Tobias: There’s a few points in there. One of them is, he spent a little bit of time in this letter defending the conglomerate structure, and he spent a little bit of time discussing buybacks. There are a few articles that I saw afterwards that Buffett defends the buybacks in Berkshire, which I thought was– I didn’t read it that way when I saw it. Then, Elizabeth Warren did a little tour afterwards saying that there was a problem with anonymously buying back shares in the market. Just wondering if you could comment a little bit on perhaps the difficulties of valuing it in a conglomerate structure like that and whether that– I think you spend a little bit more time on Berkshire than Buffett does himself. [laughs] [crosstalk] The function of the buybacks, or what the buybacks achieve?
Chris: When I’m 90, I hope I can write a 15-page letter that the world is willing to read them and there are a lot of people that probably would wish I’d rather write a 15-page letter now, to be honest. I think his criticism of conglomerates is fair. The history of conglomerates is terrible. Capital allocation is terrible, the use of their shares as currency and the promotional aspect, knowing that you’re generally having to overpay for businesses when you’re doing deals as a conglomerator and your need to retain capital and grow, outside of Teledyne and Singleton, there aren’t a lot of great ones. Again, let them be tarred with that. As far as the notion of share repurchases go, we talked about this, I think last time we recorded, and I’ve written about it for years and years. But share repurchases, and he gets into it a little bit in his brief letter this year, are just generally badly done.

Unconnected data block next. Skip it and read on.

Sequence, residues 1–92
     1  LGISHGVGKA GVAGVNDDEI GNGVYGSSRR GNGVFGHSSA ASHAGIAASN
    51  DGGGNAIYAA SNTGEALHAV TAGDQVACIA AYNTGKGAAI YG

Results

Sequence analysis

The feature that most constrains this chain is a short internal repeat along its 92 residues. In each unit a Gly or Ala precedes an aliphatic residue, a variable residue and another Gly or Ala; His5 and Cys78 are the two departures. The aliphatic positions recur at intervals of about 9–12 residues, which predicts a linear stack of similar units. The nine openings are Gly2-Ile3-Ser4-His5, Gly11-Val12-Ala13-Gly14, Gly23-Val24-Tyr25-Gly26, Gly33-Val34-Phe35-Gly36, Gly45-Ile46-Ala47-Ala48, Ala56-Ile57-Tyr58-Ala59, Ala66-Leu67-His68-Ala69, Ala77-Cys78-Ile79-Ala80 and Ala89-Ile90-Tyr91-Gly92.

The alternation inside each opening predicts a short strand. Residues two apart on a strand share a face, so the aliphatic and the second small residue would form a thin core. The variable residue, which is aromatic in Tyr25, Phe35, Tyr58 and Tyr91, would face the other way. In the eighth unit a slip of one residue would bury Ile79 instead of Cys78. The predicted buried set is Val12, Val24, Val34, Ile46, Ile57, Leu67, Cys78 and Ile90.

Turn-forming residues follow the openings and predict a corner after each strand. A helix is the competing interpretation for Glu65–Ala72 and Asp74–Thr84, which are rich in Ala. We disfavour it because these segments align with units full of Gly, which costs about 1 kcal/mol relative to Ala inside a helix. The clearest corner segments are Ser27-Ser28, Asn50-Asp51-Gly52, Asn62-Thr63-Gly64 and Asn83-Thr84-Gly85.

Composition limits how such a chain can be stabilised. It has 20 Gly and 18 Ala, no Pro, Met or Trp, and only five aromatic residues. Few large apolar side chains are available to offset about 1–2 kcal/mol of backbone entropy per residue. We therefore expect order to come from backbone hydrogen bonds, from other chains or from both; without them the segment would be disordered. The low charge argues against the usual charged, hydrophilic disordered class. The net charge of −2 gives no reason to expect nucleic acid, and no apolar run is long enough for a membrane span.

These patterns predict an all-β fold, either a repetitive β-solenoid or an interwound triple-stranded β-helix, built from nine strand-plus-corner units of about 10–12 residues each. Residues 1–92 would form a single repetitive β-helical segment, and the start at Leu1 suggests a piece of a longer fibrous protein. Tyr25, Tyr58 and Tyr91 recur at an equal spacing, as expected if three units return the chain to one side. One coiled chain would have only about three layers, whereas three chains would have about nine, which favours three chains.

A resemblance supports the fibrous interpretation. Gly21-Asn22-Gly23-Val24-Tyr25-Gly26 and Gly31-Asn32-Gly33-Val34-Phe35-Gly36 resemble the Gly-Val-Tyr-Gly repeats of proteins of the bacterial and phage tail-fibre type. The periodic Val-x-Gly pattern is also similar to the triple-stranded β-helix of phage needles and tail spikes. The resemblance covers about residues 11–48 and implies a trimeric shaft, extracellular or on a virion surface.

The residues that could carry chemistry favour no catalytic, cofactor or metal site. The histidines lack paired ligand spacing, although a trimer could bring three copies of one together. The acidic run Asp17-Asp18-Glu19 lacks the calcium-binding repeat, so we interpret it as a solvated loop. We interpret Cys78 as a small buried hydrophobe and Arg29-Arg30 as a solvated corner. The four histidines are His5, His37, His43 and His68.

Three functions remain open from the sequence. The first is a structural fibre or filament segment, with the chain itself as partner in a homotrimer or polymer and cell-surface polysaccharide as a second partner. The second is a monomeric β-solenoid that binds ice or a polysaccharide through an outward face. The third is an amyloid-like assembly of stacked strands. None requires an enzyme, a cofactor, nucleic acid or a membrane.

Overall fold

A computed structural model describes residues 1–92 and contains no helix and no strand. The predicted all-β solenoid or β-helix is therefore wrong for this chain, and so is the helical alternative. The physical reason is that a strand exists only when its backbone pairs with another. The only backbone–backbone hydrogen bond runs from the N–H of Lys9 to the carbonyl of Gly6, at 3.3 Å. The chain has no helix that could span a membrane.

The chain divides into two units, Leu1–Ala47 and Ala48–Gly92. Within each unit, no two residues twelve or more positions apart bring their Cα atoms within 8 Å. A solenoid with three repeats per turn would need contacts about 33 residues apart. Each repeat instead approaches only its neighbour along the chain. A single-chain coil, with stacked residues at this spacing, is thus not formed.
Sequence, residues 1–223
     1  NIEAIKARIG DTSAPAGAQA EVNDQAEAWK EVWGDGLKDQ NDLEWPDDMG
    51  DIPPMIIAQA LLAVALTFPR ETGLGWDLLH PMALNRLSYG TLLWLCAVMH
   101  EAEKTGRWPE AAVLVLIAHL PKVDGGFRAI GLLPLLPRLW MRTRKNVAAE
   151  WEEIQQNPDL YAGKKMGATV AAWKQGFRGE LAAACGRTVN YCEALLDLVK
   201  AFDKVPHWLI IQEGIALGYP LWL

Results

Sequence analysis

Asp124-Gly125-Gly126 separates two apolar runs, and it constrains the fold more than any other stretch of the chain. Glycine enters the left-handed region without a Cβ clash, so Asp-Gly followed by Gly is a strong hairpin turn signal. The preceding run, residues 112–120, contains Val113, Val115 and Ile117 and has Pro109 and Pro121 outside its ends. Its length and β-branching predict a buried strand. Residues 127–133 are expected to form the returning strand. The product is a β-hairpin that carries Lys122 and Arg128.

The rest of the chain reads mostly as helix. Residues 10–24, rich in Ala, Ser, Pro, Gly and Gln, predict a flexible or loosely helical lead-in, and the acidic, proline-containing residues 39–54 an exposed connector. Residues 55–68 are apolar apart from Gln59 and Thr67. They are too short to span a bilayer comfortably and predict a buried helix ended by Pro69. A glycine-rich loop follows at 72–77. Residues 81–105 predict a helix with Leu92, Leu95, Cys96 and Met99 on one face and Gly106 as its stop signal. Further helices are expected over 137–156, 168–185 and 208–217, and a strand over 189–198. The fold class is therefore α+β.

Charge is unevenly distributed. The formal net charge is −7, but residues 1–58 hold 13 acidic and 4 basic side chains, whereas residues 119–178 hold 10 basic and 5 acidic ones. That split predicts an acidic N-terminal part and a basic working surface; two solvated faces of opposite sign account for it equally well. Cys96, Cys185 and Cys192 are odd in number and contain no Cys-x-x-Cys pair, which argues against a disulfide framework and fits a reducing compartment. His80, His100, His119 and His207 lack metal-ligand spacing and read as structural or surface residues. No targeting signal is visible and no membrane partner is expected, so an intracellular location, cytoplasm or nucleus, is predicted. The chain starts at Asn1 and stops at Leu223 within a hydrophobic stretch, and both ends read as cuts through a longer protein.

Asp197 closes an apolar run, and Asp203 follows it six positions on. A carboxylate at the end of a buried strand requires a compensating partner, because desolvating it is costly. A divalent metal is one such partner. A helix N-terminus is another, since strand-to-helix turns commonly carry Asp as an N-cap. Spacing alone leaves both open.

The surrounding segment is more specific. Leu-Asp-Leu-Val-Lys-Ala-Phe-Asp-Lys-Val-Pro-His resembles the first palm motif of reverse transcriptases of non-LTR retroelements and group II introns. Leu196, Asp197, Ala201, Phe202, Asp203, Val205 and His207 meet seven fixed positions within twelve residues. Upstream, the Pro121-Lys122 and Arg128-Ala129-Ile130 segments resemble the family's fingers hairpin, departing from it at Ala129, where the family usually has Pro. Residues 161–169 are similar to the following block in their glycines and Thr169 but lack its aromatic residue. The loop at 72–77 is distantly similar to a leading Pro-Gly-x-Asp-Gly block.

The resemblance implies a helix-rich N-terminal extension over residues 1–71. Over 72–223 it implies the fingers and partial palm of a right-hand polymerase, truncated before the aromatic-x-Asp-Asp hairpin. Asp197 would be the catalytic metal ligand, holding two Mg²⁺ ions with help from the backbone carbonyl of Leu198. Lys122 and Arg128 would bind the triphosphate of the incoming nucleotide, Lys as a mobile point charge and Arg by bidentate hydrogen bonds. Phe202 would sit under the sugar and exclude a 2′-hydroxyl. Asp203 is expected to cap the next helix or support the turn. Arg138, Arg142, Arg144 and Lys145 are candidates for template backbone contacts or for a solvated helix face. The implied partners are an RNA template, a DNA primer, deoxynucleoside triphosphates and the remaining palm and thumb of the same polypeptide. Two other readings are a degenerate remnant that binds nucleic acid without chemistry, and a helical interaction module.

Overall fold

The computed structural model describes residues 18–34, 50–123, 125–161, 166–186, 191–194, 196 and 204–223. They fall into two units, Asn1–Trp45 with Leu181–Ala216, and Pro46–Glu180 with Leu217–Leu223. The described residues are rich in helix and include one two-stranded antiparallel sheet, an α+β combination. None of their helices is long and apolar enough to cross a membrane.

They are generally undertaken to offset the dilution that comes on the front end of share issuance with stock options and restricted share units. If we give away 2% of shares per year, and we’re spending 3% of market cap per year to try to shrink the share count by a net one, there’s no price discipline, there’s no sense that price matters. If you’re the CEO, and you’re on the job for five years, you’re going to get rich through the share grants, you’re going to get rich through the options and the RS use. You have every motivation in the world to drive the stock price up in the short term.
Well, the motivation at Berkshire has never been the stock price. The stock has been used as a tool, which is the advantage of a conglomerator doing it correctly. What you don’t have in Berkshire is the dilution on the front end. Find the public business where the leadership– I think it’s to a point, it’s almost silly, the way Mr. Buffett and Mr. Munger are paid. They’ve always made a point that, “Look, we own the thing, and we’re going to get rich by not taking a salary and a cut.” That’s been their fashionable thing to do. You don’t have the gross distortion that nearly every other public company has. You don’t have the delusion, you don’t have the short-term motivation. Thank God, Elizabeth Warren is not treasury secretary or has never been at the Fed.
I think the abuses that take place on share repurchases, have merit, and have a lot of merit. If you look at the broad market for the last 20 years, and you look at the percentage of profits, after dividends are paid, which represent now 40%, 45% of overall corporate profit. You being the market have spent more than the balance of net income buying back shares, and for the last decade, we’ve been buying back shares at north of 20 earnings at 5% or less earnings yields, they may be nominally driving down the share count, but not to the degree to which profits are going out the door. Companies that abuse the repurchases on that front are diverting the capital allocation process to buying back shares at expensive prices, a lot of cases would be north of intrinsic value, and that’s destroying shareholder value. Not the case for Berkshire.
Tobias: Without restricting share buybacks, how do you correct for that?